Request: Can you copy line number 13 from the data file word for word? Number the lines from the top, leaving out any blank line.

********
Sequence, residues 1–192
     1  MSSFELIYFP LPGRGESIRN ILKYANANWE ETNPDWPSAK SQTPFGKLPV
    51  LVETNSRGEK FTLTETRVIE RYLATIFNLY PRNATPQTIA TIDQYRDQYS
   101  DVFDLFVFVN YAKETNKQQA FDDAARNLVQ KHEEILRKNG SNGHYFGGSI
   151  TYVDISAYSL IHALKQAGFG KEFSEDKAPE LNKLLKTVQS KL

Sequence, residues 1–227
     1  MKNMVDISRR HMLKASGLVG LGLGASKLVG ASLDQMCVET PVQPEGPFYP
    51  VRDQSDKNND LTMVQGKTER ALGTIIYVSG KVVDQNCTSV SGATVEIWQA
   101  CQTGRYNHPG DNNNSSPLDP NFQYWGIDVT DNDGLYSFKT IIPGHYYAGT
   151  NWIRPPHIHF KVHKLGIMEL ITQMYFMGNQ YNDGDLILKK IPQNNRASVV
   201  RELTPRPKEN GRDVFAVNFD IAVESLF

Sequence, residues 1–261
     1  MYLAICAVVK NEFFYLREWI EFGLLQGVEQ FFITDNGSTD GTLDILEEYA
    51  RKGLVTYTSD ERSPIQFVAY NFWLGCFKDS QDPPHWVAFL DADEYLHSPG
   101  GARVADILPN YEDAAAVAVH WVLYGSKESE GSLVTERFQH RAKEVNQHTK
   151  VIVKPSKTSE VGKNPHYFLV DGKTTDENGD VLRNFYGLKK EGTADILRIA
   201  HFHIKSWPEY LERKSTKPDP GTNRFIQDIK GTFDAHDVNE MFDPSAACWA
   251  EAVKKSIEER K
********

     1  MYLAICAVVK NEFFYLREWI EFGLLQGVEQ FFITDNGSTD GTLDILEEYA